Something that you don't really think about, much, during your pregnancy is how hard it might be to recover from the event you're so looking forward to. It's not easy. In fact, it's the hardest thing you've ever done. You see, birth is hard. But it's a focused hard. It has an end, a light at the end of the tunnel.
But recovery doesn't have a fixed end. It could be that you recover in a week. It could be that you recover in a month. Or it could be way, way longer.
It's a constant struggle, even if you're lucky (like me, mostly) and avoid the struggle with post-partum depression. It's not just craziness that brings on depression. It's something else...the disconnect between the dream and the reality, maybe. You're supposed to be euphoric, in love, endlessly enthralled with your babe. But even if this is true - even if you've managed to gain the connection - the way you feel just doesn't jive with your love.
As I type this, I'm thoroughly miserable. My belly itches all over from an allergic reaction to the surgical tape. The cold I contracted from my older son has me all stuffed up, my throat aches, and I cough so hard my head is pounding. I haven't slept more than two hours straight (it's probably closer to 30 minutes, in fact) in eight days and, though I try to nap, it's impossible. If I detach myself from Truman for a minute, he starts crying. He eats every hour, give or take, so I can't focus on anything for any extended period of time. I stink, as I'm still bleeding from childbirth. My incision twinges with sharp pains periodically. I can't walk more than 50 feet without breaking down from exhaustion. And I'm lucky - no vaginal tears thanks to the c-section. So I can sit without pain. Sort of.
I'm actually recovering well, I'm very fortunate. I have a strong body that knows how to bounce back from any injury. My muscle tone has been variously called "exquisite" and "amazing." I look great, if you discount the dull glaze over my eyes, and breastfeeding is going well. I really do love the little guy who sleeps so sweetly on my lap, in the sling, on my belly, in the crook of my arm. Always, on me.
I thank heavens for my attentive husband, my awesome doula/sister-in-law, and my great friends. I've got a lot of help and loving care. But, in the spirit of the blogosphere, I'd like to take this opportunity to let you know how you can help your friends, sisters, wives, colleagues in their recovery from birth. And let me tell you, while flowers are lovely (thanks Melissa! and Larissa! and my sweet hubby!), they're not much for keeping you from edging ever so closer to jumping off the cliff of out-of-control. What would help? How about:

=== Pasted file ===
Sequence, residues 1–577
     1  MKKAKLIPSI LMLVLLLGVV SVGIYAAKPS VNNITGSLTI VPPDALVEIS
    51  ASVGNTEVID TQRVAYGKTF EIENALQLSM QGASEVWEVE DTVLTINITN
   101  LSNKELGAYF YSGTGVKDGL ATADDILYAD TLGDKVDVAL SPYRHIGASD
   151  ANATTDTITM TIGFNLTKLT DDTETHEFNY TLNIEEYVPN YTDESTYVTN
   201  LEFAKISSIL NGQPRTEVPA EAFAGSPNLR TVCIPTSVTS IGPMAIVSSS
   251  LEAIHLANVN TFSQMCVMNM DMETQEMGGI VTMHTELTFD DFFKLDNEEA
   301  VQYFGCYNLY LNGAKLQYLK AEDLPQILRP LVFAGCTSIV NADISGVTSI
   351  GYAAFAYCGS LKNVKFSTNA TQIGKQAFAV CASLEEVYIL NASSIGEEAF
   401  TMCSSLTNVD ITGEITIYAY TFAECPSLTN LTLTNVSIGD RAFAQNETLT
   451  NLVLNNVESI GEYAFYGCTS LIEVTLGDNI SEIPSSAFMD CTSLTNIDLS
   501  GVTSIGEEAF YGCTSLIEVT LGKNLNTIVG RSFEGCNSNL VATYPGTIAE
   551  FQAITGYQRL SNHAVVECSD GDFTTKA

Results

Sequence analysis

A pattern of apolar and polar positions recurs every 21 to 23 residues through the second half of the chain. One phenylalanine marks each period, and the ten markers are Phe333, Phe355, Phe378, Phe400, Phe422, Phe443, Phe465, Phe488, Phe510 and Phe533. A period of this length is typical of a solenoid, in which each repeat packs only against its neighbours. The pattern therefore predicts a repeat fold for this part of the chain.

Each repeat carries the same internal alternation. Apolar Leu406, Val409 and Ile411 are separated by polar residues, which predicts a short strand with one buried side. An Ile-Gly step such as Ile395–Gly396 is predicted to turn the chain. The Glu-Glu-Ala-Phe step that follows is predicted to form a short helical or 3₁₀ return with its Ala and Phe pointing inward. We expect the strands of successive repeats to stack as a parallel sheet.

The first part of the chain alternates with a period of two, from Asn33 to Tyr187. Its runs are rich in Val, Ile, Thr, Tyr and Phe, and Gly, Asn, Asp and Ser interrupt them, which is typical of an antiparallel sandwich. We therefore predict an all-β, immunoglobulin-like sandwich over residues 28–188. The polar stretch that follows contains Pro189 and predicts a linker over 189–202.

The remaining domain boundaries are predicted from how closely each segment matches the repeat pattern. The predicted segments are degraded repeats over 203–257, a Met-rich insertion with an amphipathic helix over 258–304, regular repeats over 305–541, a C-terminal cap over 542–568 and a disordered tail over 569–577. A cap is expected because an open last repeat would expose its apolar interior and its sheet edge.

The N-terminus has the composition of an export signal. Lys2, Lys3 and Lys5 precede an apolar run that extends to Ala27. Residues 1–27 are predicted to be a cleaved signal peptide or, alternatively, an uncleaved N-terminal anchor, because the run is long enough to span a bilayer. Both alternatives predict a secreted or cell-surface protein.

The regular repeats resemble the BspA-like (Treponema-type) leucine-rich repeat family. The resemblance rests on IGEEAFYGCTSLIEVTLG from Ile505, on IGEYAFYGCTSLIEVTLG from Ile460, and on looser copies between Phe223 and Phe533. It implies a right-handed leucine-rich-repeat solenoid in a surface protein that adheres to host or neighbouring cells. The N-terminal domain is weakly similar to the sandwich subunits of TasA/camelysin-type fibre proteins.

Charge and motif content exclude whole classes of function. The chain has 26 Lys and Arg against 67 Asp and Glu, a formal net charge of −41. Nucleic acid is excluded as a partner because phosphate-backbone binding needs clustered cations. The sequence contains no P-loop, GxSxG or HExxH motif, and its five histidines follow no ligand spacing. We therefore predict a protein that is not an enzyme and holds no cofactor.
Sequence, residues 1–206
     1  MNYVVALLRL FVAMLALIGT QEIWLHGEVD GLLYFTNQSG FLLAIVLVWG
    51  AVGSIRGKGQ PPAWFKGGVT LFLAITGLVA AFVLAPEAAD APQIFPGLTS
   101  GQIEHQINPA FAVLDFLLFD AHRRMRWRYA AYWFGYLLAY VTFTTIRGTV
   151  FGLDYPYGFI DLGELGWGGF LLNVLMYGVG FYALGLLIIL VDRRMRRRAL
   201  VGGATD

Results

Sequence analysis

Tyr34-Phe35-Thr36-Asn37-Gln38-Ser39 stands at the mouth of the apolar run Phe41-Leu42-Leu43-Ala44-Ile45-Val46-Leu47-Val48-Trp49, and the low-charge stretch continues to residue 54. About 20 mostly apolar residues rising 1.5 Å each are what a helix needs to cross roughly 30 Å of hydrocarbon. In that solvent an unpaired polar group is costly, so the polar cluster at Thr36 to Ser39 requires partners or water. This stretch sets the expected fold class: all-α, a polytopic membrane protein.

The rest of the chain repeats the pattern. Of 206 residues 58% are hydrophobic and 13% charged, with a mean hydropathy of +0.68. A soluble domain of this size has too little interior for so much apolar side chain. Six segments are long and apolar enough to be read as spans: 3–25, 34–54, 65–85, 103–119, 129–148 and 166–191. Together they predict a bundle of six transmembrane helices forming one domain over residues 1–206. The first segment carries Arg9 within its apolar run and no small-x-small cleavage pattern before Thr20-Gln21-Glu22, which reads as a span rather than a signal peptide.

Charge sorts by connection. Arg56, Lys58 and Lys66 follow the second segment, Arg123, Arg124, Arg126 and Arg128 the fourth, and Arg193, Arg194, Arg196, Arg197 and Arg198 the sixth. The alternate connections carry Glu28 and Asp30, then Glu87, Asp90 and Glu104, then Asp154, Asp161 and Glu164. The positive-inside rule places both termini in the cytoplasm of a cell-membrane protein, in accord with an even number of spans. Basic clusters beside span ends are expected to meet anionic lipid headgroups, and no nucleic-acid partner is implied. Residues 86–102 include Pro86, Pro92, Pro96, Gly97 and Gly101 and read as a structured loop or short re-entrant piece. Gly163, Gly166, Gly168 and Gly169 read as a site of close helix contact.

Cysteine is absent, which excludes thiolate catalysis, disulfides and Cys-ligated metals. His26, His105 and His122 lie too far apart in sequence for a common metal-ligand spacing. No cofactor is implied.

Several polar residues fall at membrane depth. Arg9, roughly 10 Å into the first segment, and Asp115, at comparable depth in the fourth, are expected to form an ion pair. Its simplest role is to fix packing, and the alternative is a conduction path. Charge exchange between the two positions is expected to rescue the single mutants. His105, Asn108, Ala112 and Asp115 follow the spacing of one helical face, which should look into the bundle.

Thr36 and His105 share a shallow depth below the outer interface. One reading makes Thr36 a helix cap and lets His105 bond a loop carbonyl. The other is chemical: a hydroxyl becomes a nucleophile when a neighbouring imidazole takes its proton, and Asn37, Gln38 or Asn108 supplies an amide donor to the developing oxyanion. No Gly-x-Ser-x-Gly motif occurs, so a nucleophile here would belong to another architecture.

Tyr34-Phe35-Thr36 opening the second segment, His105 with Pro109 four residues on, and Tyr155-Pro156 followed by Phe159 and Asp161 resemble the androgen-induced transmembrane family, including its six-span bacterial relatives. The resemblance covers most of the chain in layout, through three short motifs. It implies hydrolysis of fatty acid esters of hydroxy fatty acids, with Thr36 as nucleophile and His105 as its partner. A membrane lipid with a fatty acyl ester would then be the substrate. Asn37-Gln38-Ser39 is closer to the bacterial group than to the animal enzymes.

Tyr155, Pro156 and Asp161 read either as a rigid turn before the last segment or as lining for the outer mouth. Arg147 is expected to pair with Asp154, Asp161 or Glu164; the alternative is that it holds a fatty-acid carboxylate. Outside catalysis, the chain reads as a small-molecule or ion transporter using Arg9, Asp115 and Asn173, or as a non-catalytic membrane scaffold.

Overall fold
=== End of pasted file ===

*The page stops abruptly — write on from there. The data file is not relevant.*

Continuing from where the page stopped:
Food, especially breakfast. It's impossible to sleep in much. I get up in the morning. I change diapers on both babes and move all my gear into the living room. And I'm done. I'm starving, but can't yet summon up the energy to make wholesome french toast. I sure would love it if someone would just show up at 9 (without judging my crazed look and the stench) with pastries, and Stumptown coffee.
Keeping out the chaos. I wish my husband could manage to keep his brothers and sister from choosing this week to engage in their typical chaos. I'd like to never see a cigarette, or a glass of wine, or a mess that my own child didn't make. I'd like to not get phone calls from creditors, or telemarketers. I'd like to totally control what's on TV. It's much better this babe than last (when my evil step-father-in-law came to stay with us on day five), but the chaos could be taken down a notch. And I just can't deal with any of it.
Doing my chores. I clean the bathroom. I'm very good at it and, with my husband doing the laundry and taking charge of the kitchen and cleaning the floors, I really can't complain. But there's absolutely no possibility I'll be scrubbing toilets over the next two weeks. It's not physically possible. And I desperately want the bathroom to be spotless because - remember how I said Truman doesn't like to be separated from me? He's accompanied me to the bathroom not a few times. I feel awful taking anyone up on their offer of help by saying, "please scrub my toilet and bathroom floor?" But I'm about to beg my mama for that very thing.
Always bring a present for big brother, too. Truman's getting lots of goodies. Everett's being wonderful about it. But my heart aches when I open a big box of generous gifts for the baby and find that Everett has no present just for him. He's received some nice gifts from thoughtful grandmas and aunts, and he melts.
Find a little something to do when you visit. My friends are fantastic about this. Of course, they're mostly mamas, too. They'll clean up some dishes, bring me a glass of water, play with Everett for a few minutes, hold Truman while I go to the bathroom, wipe up a mess. Little things mean a lot. Especially if mama doesn't have to ask.
Bring little gifties for mama, and tell her how great she looks. I can't tell you how wonderful it was that my friend Erica brought me delicious cinnamon rolls from Grand Central, and Hau brought me a box of amazing toffee. My ego gets pumped up every time my husband tells me how good I look (well, the comments about my porn-star breasts aren't much help, but whatever). These things mean a lot. Some ideas for gifts: sweet-smelling lotion or soap, sweet treats, a new domain (thanks Blogging Baby!), an order of notecards and help with birth announcements, photo paraphenalia (I like 'real' film, but your mama might like photo paper for the printer, or batteries for her digital camera), errands, babysitting the older child, a sling with a lesson on how to use it, a trashy novel to read while breastfeeding, tylenol, a crafty book (like a baby knitting book).
I'm off to bed, to sleep a little with all my pillows under my head so I don't cough too much. Oh...you should really check out Truman's pics, I put a bunch up this evening...